Thurston County Judge Dismisses Eyman Challenge to Inslee COVID-19 Mask Order


A Thurston County Superior Court judge Friday rejected a legal challenge brought by Tim Eyman, Clint Didier and others seeking to strike down Gov. Jay Inslee's mask requirement.

Friday's ruling from the bench is the latest upholding of Washington's government orders seeking to prevent the spread of COVID-19 amid the pandemic.

Opponents have argued that orders such as business restrictions or facial-covering requirements to stem the virus infringe on constitutional rights or are overextensions of the governor's emergency powers.

Eyman, a longtime anti-tax activist, and conservatives like Didier, a Franklin County commissioner and former candidate for U.S. Congress, have opposed such requirements.

In this case, Eyman attorney Stephen Pidgeon contended there was no proof that masks prevent the spread of COVID-19, and there was therefore no rational basis for the government to require them. He also contended the requirement violated the First Amendment.

"Because the mask is demonstrably ineffective, its purpose is singular — to force the expression of submission among the body politic to the dictates and whims of the governor and his secretary of health," Pidgeon wrote in a legal filing in December. "Such actions are constitutionally prohibited as impermissible forced expression."

The argument did not sway Judge Chris Lanese, who said in his ruling that wearing a mask does not "constitute compelled speech."

He cited doctrine from both the state and the U.S. supreme courts contending, "There must be an intent to convey a particularized message and a great likelihood that the message would be understood by those who view it."

But masks can be worn for many reasons, the judge said. Some believe in the science behind them, or wish to follow government requirements, while others could simply choose to wear them for fashion purposes. Some people could wear masks even if they are unconvinced about them but think, "What's the harm in wearing it if it might protect my fellow neighbors?"

"The mere act of wearing of a mask may be viewed in a whole host of ways to convey different meanings," Lanese said. "If any meaning is intended at all."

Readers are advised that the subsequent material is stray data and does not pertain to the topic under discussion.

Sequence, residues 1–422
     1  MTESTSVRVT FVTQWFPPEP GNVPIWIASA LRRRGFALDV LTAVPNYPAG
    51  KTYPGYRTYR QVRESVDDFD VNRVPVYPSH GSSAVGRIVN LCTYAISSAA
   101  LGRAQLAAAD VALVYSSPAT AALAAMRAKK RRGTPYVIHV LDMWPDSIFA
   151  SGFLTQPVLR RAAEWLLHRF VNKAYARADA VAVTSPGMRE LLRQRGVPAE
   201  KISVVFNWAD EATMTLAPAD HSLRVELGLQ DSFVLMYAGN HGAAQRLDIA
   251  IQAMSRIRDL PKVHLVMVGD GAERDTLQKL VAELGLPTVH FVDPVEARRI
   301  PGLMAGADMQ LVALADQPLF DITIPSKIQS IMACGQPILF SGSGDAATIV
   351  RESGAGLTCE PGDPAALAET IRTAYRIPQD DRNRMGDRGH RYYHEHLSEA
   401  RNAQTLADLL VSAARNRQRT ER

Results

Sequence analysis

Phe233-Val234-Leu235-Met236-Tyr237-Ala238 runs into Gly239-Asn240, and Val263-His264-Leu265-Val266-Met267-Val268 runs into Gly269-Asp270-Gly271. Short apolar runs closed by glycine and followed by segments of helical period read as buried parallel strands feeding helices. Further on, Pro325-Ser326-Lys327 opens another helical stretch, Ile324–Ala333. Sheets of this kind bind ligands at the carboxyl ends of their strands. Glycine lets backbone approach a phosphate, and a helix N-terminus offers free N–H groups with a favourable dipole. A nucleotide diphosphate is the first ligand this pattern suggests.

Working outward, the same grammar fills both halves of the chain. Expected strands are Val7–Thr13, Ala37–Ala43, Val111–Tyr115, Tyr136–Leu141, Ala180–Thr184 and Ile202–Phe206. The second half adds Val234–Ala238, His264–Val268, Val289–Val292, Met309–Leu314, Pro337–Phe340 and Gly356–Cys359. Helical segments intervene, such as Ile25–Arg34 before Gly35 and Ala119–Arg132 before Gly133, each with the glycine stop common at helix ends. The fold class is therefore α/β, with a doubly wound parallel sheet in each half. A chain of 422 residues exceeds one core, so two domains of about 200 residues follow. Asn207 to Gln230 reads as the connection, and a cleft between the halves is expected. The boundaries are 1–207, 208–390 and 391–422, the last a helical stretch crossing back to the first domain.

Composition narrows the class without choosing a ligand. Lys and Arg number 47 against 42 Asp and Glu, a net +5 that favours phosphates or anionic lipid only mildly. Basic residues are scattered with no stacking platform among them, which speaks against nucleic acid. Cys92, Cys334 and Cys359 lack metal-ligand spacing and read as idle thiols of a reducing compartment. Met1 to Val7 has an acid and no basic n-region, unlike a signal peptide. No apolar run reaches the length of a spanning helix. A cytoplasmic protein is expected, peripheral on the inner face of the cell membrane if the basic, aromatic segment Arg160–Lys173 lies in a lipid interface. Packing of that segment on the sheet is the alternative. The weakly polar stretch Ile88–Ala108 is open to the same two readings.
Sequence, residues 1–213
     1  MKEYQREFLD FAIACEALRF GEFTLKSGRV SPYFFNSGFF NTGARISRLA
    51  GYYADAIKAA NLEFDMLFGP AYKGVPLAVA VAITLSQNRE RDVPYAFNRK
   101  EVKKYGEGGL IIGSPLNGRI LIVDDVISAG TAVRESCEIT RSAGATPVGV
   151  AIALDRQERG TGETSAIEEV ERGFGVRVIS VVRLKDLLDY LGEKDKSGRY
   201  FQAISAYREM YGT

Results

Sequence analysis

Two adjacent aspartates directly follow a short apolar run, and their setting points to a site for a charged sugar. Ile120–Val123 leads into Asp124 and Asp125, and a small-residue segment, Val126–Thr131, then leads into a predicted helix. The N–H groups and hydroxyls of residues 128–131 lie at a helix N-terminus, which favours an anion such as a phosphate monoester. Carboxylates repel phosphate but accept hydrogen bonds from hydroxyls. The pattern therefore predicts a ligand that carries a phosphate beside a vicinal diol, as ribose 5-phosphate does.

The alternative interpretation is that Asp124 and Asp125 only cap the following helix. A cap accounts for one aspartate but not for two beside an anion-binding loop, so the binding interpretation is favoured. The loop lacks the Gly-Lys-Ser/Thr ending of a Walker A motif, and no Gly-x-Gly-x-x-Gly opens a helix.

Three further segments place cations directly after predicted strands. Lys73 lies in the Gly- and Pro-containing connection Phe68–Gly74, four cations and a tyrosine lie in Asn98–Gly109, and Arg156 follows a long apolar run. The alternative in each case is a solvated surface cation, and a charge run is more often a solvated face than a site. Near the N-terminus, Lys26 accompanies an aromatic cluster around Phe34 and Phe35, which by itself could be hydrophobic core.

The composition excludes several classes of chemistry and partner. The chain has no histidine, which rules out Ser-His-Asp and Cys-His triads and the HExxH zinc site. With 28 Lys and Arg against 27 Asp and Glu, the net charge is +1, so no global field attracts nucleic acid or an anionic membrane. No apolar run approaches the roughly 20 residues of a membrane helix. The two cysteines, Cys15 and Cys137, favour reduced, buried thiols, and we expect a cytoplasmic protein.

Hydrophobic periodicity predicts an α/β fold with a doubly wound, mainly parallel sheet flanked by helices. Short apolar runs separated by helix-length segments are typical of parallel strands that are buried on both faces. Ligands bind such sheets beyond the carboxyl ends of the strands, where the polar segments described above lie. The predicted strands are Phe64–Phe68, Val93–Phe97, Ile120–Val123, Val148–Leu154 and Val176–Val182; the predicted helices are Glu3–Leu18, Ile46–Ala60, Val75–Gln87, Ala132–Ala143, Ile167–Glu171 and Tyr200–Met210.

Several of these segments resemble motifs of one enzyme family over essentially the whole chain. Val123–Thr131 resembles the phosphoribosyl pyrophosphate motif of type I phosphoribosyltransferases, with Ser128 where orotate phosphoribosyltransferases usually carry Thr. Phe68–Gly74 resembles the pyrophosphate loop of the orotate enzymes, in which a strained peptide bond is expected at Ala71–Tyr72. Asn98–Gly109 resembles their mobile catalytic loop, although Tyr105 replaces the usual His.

The judge added that Inslee and the state Department of Health did have a rational reason to order people to wear masks amid the pandemic.

At the end of the hearing, which was held virtually and available on Zoom, several people chimed in to criticize the ruling.

"You're biased," one person said. Added another: "Masks don't work."

In a statement, Eyman said, "Having 1 person — Jay Inslee — making all decisions for all 3 branches of government is unprecedented and disturbing."

"The judiciary and legislative branches have refused to assert their rightful role," Eyman said in prepared remarks. "Citizens deserve checks and balances and they aren't getting any."

In an email, Inslee spokesperson Mike Faulk wrote, "We appreciate the court's careful review of this issue."

Lanese's ruling came just days after another Thurston County judge ruled that Eyman committed "numerous and particularly egregious" violations of state campaign-finance law after a yearslong investigation.

In that case, Judge James Dixon barred Eyman from "managing, controlling, negotiating, or directing financial transactions" for any kind of political committee.

Dixon issued a fine of more than $2.6 million and barred him from "managing, controlling, negotiating, or directing financial transactions" for any type of political committee.


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